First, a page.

Bush and the Black Vote
F. Michael Higginbotham
University of Baltimore School of Law
November 5, 2004
University of Baltimore School of Law Legal Studies Research
Baltimore Afro-American, October 30, 2004 - November 5, 2004
This short article addresses the problem of then-President Bush and the Republican Party not being able to muster Black support in elections. Examined are numerous reasons why this happened, such as non-support of, or outright hostility to positions favored by Blacks, as well as Republican support of political figures and a judicial nominee with views opposed to Black interests. Presidential candidate Bush was also the first major party nominee to ever refuse to speak to the NAACP. Dick Cheney is cited with views in line with Bush in many of these respects. Similar problems in other contexts are also addressed.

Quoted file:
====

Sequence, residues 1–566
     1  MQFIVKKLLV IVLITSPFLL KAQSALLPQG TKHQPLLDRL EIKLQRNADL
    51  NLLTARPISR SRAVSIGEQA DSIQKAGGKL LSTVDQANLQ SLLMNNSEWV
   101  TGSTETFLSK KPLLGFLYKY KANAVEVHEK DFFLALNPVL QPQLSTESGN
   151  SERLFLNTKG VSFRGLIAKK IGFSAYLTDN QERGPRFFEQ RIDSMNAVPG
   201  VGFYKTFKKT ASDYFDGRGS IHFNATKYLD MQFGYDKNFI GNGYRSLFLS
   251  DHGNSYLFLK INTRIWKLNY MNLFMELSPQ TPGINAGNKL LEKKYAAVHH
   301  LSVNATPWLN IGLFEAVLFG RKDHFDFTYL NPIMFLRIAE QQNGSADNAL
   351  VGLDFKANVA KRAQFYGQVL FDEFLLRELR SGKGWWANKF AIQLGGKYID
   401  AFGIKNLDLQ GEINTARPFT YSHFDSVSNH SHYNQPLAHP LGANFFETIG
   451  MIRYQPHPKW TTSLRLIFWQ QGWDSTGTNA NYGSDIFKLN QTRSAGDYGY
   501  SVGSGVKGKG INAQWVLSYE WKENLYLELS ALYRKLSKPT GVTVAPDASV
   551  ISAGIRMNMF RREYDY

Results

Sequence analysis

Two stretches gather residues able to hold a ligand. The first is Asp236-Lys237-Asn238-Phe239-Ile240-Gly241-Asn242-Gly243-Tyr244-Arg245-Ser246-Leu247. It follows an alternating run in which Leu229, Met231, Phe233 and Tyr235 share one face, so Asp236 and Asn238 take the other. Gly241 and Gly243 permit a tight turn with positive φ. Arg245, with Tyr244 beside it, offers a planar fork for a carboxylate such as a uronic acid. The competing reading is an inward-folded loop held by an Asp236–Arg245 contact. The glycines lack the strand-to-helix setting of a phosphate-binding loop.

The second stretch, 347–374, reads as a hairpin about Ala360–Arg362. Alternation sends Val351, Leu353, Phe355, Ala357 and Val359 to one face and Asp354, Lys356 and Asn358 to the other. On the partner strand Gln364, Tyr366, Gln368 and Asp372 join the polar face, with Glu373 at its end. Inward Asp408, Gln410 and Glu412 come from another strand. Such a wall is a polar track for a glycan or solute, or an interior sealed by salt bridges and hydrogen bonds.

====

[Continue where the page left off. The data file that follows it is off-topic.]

Number of Pages in PDF File: 1
Keywords: George W. Bush, Dick Cheney, Republican Party, Black vote, Charles Pickering, affirmative action, Bob Jones University, NAACP, Trent Lott, Strom Thurmond, Nelson Mandela, apartheid, 1964 Civil Rights Act, racial discrimination, southern strategy, John Kerry
JEL Classification: K19, K49, H19Accepted Paper Series
Date posted: November 13, 2009 ; Last revised: November 17, 2009
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